The history of cannabis and its usage by humans dates back to at least the third millennium BCE in written history, and possibly far further back by archaeological evidence. For millennia, the plant has been valued for its use for fiber and rope, as food and medicine, and for its psychoactive properties for religious and recreational use.
Cannabis is indigenous to Central and South Asia. Hemp is possibly one of the earliest plants to be cultivated. Cannabis has been cultivated in Japan since the pre-Neolithic period, for its fibres and as a food source, and possibly as a psychoactive material. An archeological site in the Oki Islands near Japan contained cannabis achenes from about 8000 BC, probably signifying use of the plant.Hemp use archaeologically dates back to the Neolithic Age in China, with hemp fiber imprints found on Yangshao culture pottery dating from the 5th millennium BC. The Chinese later used hemp to make clothes, shoes, ropes, and an early form of paper. Cannabis was an important crop in ancient Korea, with samples of hempen fabric discovered dating back as early as 3000 BCE. The earliest written reference to cannabis dates back to 2727 BC, from the Chinese emperor Shennong.
Cannabis was also known to the ancient Assyrians, who discovered its psychoactive properties through the Aryans. Using it in some religious ceremonies, they called it qunubu (meaning “way to produce smoke”), a probable origin of the modern word “cannabis”. The Aryans also introduced cannabis to the Scythians, Thracians and Dacians, whose shamans (the kapnobatai—”those who walk on smoke/clouds”) burned cannabis flowers to induce trance. The classical Greek historian Herodotus (ca. 480 BC) reported that the inhabitants of Scythia would often inhale the vapors of hemp-seed smoke, both as ritual and for their own pleasurable recreation.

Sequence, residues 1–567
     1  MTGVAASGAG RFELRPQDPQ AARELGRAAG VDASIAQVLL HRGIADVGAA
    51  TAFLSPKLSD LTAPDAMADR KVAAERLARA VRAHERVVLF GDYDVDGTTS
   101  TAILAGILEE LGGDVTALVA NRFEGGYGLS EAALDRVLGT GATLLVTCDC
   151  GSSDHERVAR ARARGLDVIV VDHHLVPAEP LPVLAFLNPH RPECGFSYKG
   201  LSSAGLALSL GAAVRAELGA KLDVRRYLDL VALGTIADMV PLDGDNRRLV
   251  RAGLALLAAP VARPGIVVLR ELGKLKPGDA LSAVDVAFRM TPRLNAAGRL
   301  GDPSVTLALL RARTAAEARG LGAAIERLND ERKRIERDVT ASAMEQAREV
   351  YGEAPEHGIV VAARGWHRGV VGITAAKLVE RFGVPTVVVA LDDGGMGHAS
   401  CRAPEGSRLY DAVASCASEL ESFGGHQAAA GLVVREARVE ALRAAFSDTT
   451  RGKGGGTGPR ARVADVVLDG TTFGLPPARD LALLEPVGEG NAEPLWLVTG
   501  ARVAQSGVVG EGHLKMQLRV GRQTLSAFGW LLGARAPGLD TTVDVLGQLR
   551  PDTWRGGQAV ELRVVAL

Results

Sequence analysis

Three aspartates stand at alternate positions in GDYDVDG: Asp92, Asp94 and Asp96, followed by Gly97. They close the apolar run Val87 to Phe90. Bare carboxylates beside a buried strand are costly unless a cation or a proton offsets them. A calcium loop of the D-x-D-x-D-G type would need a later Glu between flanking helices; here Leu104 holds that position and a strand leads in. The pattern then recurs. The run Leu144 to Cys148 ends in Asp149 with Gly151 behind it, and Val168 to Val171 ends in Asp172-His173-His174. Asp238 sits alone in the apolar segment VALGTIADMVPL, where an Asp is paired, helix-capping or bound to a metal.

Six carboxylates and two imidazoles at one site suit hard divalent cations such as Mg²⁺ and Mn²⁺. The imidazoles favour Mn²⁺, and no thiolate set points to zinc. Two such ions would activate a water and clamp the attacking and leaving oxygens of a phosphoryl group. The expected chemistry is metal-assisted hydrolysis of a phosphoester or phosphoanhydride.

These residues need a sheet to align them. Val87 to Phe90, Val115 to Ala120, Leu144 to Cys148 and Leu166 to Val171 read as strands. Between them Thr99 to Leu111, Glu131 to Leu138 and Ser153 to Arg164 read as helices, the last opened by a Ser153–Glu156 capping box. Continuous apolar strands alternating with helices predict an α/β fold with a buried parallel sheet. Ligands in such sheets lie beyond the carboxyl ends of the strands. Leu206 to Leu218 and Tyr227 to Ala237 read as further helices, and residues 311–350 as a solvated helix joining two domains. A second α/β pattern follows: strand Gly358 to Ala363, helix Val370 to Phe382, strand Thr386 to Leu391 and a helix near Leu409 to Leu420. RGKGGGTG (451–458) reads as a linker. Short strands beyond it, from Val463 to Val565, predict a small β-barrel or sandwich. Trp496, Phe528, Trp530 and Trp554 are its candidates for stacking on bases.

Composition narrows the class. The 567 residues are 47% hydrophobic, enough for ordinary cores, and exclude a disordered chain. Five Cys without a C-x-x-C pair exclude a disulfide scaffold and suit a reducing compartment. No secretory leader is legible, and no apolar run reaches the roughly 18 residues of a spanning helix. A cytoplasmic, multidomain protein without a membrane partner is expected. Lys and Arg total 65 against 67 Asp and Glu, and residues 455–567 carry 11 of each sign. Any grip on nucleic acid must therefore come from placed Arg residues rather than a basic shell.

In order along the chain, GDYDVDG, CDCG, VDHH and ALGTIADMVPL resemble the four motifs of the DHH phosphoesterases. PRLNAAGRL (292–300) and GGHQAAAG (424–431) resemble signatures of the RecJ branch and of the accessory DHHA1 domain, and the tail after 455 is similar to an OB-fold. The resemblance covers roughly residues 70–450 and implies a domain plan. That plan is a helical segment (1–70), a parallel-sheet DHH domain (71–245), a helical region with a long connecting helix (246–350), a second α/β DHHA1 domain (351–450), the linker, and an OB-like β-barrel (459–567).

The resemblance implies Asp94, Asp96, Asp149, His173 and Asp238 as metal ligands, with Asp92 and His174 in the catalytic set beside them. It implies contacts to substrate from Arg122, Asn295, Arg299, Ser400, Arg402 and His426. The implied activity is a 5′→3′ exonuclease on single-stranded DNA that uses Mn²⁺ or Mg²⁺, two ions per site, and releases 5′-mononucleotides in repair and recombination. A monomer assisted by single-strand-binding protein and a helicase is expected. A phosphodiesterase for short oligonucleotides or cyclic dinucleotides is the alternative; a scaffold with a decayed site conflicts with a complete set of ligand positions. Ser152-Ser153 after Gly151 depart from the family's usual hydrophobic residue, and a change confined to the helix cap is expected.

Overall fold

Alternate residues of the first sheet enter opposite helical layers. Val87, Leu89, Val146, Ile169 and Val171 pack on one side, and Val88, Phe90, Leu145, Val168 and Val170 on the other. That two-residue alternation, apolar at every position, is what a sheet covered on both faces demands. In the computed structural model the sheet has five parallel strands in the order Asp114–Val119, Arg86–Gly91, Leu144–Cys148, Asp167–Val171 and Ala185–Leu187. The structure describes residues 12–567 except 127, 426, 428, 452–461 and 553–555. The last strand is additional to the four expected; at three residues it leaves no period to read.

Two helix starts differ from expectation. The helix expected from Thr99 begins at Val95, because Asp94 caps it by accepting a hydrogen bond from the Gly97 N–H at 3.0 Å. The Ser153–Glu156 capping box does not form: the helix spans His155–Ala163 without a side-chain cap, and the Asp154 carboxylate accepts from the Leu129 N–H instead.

Medical cannabis has several potential beneficial effects. Evidence is moderate that it helps in chronic pain and muscle spasms. Low quality evidence suggests its use for reducing nausea during chemotherapy, , improving sleep, and improving tics in Tourette syndrome. When usual treatments are ineffective, cannabinoids have also been recommended for anorexia, arthritis, migraine, and glaucoma.
Cannabis has psychoactive and physiological effects when consumed. The immediate desired effects from consuming cannabis include relaxation and euphoria (the “high” or “stoned” feeling).
Cannabis has been used in an entheogenic context – a chemical substance used in a religious, shamanic, or spiritual context – in India and Nepal since the Vedic period dating back to approximately 1500 BCE, but perhaps as far back as 2000 BCE. In modern culture the spiritual use of cannabis has been spread by the disciples of the Rastafari movement who use cannabis as a sacrament and as an aid to meditation. The earliest known reports regarding the sacred status of cannabis in India and Nepal come from the Atharva Veda estimated to have been written sometime around 2000–1400 BCE.